Picture by Pexels/Karolina Grabowska

Picture by Pexels/Designecologies

Picture by Pexels/Designecologies

Pexels/Alex Green

Pexels/Alex Green



Can the UK handle a rate rise as economy rebounds?

The UK economy grew by 0.4 per cent in the month of August after latest estimates showed GDP contracted in July by 0.1 per cent. July was disrupted by a spike in infections and tougher restrictions on self-isolation and testing for anyone in contact with those testing positive for Covid-19.

This was known as the 'pingdemic', referring to the alerts from the NHS Test and Trace app used to warn of recent contact with an infected person. As restrictions were eased in August and most contact services allowed to resume business, those parts of the economy were able to begin their respective recoveries.

On a rolling three-months on three-months basis, growth has slowed from 4.2 per cent  in July to 2.9 per cent in August. Looking at the latest three months compared with the same three months a year earlier, growth has slowed to 10.9 per cent, from 17.1 cent in July.  

Despite the improvement in the monthly GDP growth reading, the results disappointed consensus estimates for August.

However, the economy is now just 0.8 per cent below its pre-pandemic peak from February 2020. Upward revisions to the recent historic data on healthcare provisions and the treatment of VAT for the entertainment and recreation sectors helped in this regard.

Within the details of the release, production sectors were the best performing, growing by 0.8 per cent on the month. This occurred as energy extraction continued to come back online after the planned summer shutdowns for maintenance.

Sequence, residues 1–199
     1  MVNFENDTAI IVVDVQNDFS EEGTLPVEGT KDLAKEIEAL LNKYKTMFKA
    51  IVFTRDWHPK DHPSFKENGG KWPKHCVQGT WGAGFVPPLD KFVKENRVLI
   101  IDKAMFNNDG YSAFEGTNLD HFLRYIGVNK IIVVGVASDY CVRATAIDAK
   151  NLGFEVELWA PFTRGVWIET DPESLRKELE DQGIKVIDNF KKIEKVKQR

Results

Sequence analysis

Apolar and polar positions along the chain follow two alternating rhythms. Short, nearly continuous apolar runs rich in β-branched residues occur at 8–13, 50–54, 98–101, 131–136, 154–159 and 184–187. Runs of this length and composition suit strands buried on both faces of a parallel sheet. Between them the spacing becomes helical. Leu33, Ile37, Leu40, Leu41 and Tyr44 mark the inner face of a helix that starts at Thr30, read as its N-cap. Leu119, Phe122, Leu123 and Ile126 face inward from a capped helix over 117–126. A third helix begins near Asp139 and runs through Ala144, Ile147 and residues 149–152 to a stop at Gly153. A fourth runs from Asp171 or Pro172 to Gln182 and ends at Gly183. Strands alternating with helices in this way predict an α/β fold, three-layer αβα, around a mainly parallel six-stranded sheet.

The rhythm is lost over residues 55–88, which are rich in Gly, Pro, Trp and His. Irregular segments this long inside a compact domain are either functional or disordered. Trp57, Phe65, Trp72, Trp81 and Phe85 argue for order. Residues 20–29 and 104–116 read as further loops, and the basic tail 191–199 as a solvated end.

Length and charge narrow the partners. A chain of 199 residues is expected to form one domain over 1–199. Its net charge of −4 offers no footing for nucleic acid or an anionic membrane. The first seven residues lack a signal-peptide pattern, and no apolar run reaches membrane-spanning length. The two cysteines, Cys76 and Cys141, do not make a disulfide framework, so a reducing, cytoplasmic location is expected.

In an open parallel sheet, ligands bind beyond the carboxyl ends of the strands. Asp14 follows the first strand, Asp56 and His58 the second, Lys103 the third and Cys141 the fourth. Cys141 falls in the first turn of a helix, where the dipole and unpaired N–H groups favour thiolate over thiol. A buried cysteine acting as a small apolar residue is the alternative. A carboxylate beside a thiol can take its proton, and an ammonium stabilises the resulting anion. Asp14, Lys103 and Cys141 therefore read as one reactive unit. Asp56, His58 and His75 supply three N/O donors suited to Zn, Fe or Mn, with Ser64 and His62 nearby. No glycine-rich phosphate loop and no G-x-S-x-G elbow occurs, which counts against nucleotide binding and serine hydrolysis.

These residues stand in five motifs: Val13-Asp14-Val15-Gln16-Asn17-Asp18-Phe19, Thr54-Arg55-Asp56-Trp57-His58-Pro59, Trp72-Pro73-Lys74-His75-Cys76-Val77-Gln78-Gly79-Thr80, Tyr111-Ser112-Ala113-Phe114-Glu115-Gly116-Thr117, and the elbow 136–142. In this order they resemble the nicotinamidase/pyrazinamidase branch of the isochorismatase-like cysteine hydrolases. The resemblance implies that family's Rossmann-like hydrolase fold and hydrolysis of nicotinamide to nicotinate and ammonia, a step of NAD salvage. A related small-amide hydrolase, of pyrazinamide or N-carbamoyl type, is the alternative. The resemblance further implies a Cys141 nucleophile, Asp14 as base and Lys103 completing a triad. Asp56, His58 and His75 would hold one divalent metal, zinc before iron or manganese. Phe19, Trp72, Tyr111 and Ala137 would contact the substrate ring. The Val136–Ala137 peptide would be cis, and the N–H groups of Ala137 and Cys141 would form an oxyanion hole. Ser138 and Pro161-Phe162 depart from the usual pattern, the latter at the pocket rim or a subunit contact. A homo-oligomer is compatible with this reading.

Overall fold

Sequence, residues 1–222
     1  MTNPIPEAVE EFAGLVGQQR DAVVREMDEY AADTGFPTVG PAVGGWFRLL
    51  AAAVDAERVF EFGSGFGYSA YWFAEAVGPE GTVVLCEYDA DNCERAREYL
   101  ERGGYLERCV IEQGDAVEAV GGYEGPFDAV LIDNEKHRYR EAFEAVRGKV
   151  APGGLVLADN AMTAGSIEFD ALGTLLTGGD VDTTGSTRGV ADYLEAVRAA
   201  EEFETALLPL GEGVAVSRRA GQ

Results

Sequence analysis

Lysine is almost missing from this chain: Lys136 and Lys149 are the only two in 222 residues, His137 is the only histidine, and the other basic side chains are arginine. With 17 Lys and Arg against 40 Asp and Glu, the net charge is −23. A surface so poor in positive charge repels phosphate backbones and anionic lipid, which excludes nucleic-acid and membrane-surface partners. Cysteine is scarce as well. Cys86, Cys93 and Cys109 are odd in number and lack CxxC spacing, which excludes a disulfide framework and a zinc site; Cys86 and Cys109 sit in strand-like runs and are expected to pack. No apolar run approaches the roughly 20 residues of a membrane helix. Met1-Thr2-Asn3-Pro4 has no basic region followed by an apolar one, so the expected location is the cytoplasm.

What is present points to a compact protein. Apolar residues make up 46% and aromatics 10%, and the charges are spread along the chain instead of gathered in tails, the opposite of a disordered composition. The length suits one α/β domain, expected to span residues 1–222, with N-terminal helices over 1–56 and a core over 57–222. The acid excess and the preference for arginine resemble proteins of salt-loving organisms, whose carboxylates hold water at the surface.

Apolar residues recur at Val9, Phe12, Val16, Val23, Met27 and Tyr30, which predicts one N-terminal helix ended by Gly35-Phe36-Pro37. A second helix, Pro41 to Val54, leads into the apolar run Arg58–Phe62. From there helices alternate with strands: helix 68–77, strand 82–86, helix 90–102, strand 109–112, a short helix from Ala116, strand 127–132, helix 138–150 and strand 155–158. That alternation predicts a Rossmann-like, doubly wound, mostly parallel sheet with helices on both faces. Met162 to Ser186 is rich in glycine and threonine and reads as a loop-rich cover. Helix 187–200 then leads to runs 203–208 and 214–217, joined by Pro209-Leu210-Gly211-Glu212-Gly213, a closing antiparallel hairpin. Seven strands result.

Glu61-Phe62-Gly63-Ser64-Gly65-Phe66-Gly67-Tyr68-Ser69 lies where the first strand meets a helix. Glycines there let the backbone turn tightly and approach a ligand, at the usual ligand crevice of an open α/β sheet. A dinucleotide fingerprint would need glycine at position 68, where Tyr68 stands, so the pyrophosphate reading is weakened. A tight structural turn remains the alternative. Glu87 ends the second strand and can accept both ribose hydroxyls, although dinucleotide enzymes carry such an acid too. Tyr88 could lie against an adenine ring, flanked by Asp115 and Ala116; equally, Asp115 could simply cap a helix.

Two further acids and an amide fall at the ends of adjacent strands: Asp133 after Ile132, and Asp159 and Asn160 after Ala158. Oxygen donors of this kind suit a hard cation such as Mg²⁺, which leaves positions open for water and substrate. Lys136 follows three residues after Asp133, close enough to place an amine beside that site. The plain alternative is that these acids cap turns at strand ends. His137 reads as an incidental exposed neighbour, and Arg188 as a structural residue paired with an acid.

Within production, manufacturing output grew by 0.5 per cent, following a contraction of 0.6 per cent in July owing to supply shortages causing some plants to close temporarily.

The service sector grew by 0.3 per cent on the month, with the main three contact services sectors performing strongly. Accommodation and food services grew by 10.3 per cent, while arts, entertainment and recreation services grew by 8.4 per cent. Activity in the former is now 2.6 per cent higher than pre-pandemic levels, while for the latter it is just 0.8 per cent below.

Construction output contracted yet again, albeit by a smaller 0.2 per cent compared with minus 0.9 per cent in July. A shortage of staff and supplies has hampered the sector since late spring, and it is likely to remain challenged given the news flow on bottlenecks in supply chains.

Finally, the release also highlights that reduced activity related to the pandemic (NHS Test and Trace and vaccine programmes) detracted from GDP growth by 0.3 percentage points. We expect some drag to be present over the rest of the year as the need for these programmes reduces further.

Overall, the latest set of figures flatter to deceive, and suggest a bigger loss in momentum heading into the end of the year. It is safe to say that growth data for the rest of the year is likely to disappoint, and we are looking to downgrade our forecasts as a result.

2022 will also see higher corporation taxes and national insurance (another form of income tax), along with additional austerity. When we consider these negative forces, it then seems strange to think about the BoE actively talking about the possibility of raising interest rates in the near future, yet market expectations remain for the central bank to act.

Arguably, the bank has already started to tighten policy by reducing the pace of asset purchases as part of its quantitative easing programme. Recent speeches warning about the dangers of long-lasting inflation are clearly designed to signal to investors that further tightening may follow.

Money markets have priced in by the end of this year, and at least one quarter-point further rate rise by the end of 2022.

We expect the BoE to soften its tone in the next few months as it becomes evident that spare capacity still exists in the economy. 

Moreover, higher interest rates do not help households to cope with higher energy prices, and perversely, would disincentivise the government from borrowing more to help vulnerable households.

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Pexels/Matte Luk

Pexels/Matte Luk